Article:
Almost one-third of all calls to the housing charity Threshold last year were from tenants faced with losing their home.
Threshold’s warning is stark: Unless we address the underlying reasons for homelessness, we will never be able to address it in any meaningful way.
It has found that a growing number of calls for help have come from renters who had been told by their landlords that their tenancies were coming to an end — up 18% compared to 2016.
Threshold is proposing the introduction of rent registers to allow tenants in rent pressure zones to compare the prices at which rental properties in their area have been let in the past.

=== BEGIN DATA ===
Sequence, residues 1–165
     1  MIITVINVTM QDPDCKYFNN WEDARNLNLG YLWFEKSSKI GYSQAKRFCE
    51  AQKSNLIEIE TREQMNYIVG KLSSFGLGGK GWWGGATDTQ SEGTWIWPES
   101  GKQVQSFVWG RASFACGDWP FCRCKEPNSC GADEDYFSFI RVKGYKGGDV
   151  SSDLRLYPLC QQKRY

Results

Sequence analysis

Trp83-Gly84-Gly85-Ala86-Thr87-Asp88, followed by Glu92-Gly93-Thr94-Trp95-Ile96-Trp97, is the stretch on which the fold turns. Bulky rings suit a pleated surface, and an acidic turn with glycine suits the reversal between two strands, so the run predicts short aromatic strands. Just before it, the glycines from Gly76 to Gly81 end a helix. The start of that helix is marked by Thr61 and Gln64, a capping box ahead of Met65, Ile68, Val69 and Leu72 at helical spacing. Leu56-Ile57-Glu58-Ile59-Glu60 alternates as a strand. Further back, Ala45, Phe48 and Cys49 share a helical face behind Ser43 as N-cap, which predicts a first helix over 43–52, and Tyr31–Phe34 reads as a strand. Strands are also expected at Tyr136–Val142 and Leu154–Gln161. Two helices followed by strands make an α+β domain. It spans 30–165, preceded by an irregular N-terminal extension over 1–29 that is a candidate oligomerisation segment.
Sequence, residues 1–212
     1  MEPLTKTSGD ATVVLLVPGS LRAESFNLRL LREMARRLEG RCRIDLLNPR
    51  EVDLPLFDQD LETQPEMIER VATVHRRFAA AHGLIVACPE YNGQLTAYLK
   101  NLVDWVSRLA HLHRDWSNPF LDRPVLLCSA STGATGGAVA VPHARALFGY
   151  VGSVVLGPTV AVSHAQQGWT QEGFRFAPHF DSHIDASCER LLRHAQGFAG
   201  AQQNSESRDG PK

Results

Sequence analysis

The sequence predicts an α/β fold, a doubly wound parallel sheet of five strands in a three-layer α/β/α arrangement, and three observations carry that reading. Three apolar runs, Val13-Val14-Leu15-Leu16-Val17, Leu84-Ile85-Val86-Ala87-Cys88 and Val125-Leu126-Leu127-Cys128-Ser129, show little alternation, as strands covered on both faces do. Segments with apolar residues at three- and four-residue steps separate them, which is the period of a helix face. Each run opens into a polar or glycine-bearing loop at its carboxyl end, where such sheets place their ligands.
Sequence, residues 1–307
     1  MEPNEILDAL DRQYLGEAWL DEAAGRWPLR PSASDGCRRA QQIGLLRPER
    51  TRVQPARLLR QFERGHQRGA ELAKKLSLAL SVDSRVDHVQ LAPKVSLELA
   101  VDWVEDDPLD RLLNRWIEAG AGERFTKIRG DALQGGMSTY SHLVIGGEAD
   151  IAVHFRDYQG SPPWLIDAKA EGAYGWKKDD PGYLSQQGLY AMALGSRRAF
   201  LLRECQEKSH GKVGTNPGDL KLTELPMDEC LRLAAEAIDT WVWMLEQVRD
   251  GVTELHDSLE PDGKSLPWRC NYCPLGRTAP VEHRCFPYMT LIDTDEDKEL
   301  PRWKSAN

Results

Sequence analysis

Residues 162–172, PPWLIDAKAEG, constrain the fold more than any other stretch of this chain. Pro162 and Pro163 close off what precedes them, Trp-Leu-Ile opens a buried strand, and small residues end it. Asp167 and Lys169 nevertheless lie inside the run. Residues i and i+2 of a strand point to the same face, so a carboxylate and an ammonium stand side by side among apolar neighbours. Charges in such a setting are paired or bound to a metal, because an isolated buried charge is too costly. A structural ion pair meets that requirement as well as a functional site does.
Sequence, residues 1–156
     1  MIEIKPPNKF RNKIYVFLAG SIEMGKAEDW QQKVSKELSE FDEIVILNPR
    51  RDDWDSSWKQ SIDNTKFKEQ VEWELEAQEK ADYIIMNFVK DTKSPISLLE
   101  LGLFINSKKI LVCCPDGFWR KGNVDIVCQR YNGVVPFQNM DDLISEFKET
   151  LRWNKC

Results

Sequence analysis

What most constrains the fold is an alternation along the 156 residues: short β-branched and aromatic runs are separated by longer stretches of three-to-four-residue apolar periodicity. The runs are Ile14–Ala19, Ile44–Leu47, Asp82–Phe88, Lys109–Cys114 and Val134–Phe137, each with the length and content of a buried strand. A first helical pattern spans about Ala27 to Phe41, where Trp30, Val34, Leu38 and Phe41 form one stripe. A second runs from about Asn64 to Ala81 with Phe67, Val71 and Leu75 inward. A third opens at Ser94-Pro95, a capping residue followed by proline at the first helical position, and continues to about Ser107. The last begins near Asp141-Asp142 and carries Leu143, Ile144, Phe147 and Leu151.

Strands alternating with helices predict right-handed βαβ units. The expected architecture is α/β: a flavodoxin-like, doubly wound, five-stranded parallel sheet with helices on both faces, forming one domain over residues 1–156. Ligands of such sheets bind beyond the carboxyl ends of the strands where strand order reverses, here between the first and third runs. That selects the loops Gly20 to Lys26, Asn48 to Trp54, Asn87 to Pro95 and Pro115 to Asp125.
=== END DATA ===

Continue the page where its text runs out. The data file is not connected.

It also wants to see an NCT-style system in place, to ensure that rental properties are fit to rent.
Those are noble aspirations but they will not solve the overall problem. Most people facing eviction are doing so because of the impending sale of the property in which they live. Sale of a property is not considered a valid reason for eviction in many other EU states, such as Germany, Sweden, and the Netherlands, so why should it continue to be so here?
Housing Minister Eoghan Murphy must address two key matters if the homelessness crisis is to be addressed — unaffordable rent increases and the fallout from the sale of rented properties, both of which are contributing to the growing crisis of homelessness.